ton will be the conductor.
Saturday evening Van Deursen
will conduct the women's section of
the Choral Union in Debussy's "Bles-
sed Damozel." The important so-
prano role will be sung by Bidu 'Sa-
yao, while Rosalind Nadell will ap-
pear as contralto soloist. In 'the
second half Miss Sayao will offer
several arias and Saul Caston, con-
ductor, will provide orchestral selec-
In addition to orchestral num-
bers, Rudolf Serkin will play Bra-
hm's Second Concerto on Sunday
afternoon. Ormandy will conduct.
Ninth Symphony
The Festival will be brought to a
close Sunday night with a _.monu-
(See FESTIVAL, Page 4)

drives against the "Belgian bulge" where American First and Third
Armies carved additional slices off what was left of Field Marshal Von
Rundstedt's salient with the capture of the vital road hub of Houffa-
Student Cominttee To Solicit
Faculty, Merchants for Funds

Faculty members, merchants, and
all University employees will be con-
tacted this week by members of the
University committee for the 1945
March of Dimes fund, according to
Jim Plate, general chairman.
The National campaign will con-
tinue until Jan. 31, the night of the
President'sbirthday.Students will
be contacted all next week. On
Monday a special edition of The
1944 'Forester'
Is Ready for
TU' Distribution
Despite the manpower shortage
and the draft, the 1944 issue of the
"Michigan Forester," annual publi-
cation of the Forestry Club of the
School of Forestry and Conservation
is ready for distribution to students,
faculty and alumni, Prof. Earl C.
O'Roke announced yesterday.
Last spring seve) ral seniors under
the editorship of Prof. Ramsdell
undertook the task of putting to-
gether the Annual, but when Prof.
Ramsdell was drafted for the posi-
tion of directing the Civil Affairs
Training School for army and navy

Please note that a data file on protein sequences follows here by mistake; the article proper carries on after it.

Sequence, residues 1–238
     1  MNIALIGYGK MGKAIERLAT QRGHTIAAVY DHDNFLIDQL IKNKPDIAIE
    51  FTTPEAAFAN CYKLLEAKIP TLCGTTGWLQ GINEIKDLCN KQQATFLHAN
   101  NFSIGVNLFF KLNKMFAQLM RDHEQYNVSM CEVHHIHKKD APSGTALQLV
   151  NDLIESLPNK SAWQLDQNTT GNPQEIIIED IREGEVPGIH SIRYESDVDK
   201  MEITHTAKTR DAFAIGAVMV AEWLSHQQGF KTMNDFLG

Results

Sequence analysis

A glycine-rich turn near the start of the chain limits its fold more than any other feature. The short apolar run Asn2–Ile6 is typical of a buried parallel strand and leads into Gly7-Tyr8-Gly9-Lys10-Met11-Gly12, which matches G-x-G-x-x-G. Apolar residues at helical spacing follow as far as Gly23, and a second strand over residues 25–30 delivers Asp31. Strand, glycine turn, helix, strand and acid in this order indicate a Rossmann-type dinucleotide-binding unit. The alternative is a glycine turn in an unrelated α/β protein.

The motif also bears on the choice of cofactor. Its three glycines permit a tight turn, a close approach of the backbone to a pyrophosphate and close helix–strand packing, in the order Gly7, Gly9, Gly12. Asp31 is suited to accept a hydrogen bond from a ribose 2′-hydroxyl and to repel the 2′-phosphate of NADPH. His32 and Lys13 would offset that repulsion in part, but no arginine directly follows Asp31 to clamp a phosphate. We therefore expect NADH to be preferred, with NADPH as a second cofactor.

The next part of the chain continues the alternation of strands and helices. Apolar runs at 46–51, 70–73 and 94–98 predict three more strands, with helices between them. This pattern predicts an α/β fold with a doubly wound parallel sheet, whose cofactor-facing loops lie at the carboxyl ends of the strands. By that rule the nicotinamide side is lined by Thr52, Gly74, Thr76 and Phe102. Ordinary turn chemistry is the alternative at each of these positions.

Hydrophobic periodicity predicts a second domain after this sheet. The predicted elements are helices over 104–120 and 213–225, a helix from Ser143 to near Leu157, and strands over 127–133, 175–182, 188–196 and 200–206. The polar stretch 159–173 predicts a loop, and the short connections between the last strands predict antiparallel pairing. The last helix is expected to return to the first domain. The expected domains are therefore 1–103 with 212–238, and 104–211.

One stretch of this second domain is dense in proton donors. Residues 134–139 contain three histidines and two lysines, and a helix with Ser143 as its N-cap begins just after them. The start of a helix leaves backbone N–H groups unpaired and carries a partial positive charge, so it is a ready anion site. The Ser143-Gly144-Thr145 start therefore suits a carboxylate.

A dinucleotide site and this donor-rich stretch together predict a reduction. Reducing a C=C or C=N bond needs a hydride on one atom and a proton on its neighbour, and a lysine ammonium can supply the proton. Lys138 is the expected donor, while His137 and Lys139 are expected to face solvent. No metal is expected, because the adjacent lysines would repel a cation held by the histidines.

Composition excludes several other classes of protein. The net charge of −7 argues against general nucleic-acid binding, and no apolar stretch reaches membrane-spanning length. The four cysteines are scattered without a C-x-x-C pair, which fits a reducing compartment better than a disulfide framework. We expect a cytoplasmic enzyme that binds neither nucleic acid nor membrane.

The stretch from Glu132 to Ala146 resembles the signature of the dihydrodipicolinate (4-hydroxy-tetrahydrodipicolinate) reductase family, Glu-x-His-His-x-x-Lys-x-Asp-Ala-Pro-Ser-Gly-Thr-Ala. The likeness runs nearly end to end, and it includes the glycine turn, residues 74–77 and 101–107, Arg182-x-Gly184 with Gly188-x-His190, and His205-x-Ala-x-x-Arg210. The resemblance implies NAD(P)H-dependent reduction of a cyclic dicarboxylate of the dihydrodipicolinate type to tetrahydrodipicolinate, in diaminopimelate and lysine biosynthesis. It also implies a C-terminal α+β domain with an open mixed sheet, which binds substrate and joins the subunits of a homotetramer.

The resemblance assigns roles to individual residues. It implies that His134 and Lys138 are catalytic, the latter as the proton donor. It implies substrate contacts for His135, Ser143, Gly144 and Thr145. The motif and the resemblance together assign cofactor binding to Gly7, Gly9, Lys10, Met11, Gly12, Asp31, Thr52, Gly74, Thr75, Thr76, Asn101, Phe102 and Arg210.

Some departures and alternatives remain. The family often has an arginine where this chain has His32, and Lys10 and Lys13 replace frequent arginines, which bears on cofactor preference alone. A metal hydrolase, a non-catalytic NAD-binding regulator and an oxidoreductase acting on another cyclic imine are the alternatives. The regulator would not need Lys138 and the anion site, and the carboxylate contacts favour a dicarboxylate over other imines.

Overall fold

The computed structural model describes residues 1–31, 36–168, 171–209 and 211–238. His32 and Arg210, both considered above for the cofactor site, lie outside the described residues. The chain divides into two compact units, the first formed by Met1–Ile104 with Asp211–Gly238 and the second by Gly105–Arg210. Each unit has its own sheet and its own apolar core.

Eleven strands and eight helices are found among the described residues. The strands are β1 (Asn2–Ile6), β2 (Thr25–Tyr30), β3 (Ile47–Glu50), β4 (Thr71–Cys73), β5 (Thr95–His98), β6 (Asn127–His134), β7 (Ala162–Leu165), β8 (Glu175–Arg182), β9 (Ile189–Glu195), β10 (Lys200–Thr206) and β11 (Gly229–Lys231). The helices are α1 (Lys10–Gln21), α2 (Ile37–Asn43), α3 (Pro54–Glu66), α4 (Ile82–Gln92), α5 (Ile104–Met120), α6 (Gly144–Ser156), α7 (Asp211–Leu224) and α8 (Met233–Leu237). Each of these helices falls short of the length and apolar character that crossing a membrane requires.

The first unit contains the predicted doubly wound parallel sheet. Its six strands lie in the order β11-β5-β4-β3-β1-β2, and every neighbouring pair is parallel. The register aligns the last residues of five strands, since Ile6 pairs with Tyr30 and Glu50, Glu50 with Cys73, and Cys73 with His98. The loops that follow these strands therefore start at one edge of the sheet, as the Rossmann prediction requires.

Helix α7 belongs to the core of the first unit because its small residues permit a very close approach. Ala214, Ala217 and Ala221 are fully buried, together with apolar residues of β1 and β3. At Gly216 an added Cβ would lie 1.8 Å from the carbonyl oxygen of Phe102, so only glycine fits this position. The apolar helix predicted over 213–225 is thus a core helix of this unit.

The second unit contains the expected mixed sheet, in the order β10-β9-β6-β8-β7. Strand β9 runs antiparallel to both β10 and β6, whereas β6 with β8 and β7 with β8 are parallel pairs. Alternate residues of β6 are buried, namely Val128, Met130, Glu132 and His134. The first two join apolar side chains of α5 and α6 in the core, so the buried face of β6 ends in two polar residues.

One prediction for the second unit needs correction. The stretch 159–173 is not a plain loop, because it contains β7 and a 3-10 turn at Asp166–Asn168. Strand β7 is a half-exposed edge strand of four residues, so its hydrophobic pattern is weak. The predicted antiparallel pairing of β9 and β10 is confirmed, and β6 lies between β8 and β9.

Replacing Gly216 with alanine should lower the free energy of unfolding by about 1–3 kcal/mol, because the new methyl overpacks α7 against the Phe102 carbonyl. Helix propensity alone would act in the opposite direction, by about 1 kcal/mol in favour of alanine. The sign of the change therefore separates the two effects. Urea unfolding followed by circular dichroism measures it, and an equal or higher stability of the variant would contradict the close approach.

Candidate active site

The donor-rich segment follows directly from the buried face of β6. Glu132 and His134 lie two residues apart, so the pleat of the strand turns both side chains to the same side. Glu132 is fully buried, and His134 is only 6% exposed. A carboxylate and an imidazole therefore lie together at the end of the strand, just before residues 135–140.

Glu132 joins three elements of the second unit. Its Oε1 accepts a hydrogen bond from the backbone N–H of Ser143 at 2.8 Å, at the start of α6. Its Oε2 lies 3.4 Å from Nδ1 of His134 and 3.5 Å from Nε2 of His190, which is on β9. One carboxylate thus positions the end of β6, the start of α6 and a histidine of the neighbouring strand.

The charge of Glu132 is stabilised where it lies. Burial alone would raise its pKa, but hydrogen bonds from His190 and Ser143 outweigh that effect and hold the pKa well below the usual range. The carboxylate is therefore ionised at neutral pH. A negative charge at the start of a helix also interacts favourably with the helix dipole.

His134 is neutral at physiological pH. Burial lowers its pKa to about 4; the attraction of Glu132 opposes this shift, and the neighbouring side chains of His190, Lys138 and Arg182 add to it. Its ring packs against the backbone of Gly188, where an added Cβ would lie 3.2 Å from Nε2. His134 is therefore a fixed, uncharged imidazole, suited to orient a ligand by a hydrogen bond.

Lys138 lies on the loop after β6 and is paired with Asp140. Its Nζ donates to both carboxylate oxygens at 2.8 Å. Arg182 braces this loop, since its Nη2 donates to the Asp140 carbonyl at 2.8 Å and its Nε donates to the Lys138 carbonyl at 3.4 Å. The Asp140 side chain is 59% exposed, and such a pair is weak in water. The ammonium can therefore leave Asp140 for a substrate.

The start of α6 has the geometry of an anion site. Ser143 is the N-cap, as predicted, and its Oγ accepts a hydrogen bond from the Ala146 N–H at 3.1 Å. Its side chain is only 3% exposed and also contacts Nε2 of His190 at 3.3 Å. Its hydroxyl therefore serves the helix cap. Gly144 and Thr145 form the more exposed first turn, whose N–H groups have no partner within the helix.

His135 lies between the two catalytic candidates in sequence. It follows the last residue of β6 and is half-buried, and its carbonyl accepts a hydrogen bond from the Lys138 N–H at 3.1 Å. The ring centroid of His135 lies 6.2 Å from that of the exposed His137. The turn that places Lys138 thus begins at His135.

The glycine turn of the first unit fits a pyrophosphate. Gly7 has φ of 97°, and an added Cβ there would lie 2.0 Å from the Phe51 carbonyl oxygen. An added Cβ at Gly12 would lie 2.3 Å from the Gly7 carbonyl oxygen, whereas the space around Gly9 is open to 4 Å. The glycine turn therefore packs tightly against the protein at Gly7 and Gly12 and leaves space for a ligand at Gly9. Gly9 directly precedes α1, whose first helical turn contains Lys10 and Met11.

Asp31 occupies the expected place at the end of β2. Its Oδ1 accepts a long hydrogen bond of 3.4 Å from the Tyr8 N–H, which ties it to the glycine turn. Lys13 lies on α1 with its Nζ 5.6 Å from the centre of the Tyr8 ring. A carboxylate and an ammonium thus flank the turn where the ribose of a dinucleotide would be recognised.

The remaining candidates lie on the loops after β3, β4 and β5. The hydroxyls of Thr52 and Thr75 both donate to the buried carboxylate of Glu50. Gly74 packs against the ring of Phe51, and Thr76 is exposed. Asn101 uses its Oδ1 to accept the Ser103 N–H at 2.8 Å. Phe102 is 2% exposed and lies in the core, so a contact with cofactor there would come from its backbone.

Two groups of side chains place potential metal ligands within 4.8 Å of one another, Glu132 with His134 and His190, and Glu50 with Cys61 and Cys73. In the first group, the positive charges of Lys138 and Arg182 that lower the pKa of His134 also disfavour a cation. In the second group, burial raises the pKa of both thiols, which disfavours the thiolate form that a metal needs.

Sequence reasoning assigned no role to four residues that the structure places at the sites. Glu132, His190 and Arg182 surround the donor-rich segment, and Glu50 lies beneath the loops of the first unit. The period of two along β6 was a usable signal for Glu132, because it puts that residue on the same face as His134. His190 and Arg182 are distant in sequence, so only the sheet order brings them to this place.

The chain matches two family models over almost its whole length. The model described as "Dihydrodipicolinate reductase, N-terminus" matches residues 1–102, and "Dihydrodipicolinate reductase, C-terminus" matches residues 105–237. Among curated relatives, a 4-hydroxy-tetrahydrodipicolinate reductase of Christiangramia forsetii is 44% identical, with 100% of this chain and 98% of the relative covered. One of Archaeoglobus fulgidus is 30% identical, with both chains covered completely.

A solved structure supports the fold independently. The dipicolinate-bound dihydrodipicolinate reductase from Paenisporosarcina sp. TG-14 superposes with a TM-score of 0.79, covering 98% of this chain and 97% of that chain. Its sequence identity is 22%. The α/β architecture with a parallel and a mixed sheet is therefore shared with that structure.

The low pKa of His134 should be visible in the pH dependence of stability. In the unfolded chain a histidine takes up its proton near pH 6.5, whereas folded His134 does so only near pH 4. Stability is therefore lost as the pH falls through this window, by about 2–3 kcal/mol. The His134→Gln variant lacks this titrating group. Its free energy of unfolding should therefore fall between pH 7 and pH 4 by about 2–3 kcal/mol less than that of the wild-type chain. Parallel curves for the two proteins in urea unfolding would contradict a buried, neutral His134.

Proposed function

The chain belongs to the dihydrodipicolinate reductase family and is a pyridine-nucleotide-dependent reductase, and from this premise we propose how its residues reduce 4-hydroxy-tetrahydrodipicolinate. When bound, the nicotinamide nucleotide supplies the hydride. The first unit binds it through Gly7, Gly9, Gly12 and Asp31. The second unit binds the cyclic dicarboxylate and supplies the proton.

officers, he could no longer continue
this work. Prof. O'Roke then took
over the editorship, and the work
was continued.
With the appearance of this vol-
ume, the record for publishing a
Michigan Forester each year will
remain unbroken.
. This year's Forester is dedicated
to the members of the school who
have been killed while serving in the
armed forces. It contains Senior
Sketches, pictures of the faculty and
students, and several articles on for-

Daily will be sold on campus. All
proceeds will be given to the National
Foundation for Infantile Paralysis.
Faculty Members To Be Contacted
Since it will be impossible to con-
tact all faculty members individual-
ly, the committee has requested that
professors turn in their contributions
to the secretaries of their respect-
ive departments.'
Faculty members will be contacted
by members of the League, and mer-
chants by members of the Union
Tryout Staff under Joe Milillo.
Contribution boxes will be placed
in the banks, hospitals, and theatres,
and. will be taken care of all day by
girls from various campus houses.
Dimes, Dollars Speed Recovery
Last year America sustained the
second worst epidemic of infantile
paralysis ever to hit the nation in
the history of the disease. More
than 18,000 people were stricken.
Dimes and dollars contributed by
the people to previous Appeals of
the National Foundation have help-
ed thousands of children who are
now recovered from infantile par-
alysis from being disabled for life,
Plate pointed out. '
Members of the student committee
are Deb Parry, women's chairman;
Pat Coulter, assistant to Miss Parry;
Jim Plate, general chairman; and
Joe Milillo and Henry Horldt, assist-
ants to Plate.
ArmyrUnits Start
Anti-Polio Drive
The March of Dimes campaign for
all Army units stationed in Ann Ar-
bor has been initiated under the di-
rection of Lt. Emerson G. Spies.
Contribution boxes have been in-
stalled where all Army units are sta-

toitish Smash
Nazis North of
Key Stronghold
AmericansU d er Ike'
Advancing in Belgium
By The Assoited Press
SHAEF, Jan. 16--The British Sec-
ond Army smashed eastward in a
new offensive near the German bor-
der north of Aachen today, exactly
a month after the start of the Ger-
mans' Belgian breakthrough, and
during the first hours the Tommies
progressed against moderate resist-
This switch to the initiative by
General Eisenhower's Allied armies
came as American forces in Belgium
captured the highway hub of Houf-
falize, virtually ironing out the Nazis'
salient into the Ardennes, and made
other gains in Luxembourg and in
Germany itself.
Drive Against St. Vith
The U. S. First and Third Armies
linked up again in Houffalize and
drove on against St. Vith, last major
communications center left to the
enemy in this sector.
Information on the new offensive
launched by Field Marshal Sir Ber-
nard L. Montgomery at this head-
quarters late tonight was confined
to word that it had made some pro-
gress against moderate resistance
and was continuing.
The Tommies struck in a morning
fog north of Sittard, which is 10
miles west of Geilenkirchen and 14
miles south of Roermond, and were
smashing into a German-held trian-
gle between the (Meuse and Roer
Rivers. A terrific artillery barrage
preceded the attack, which front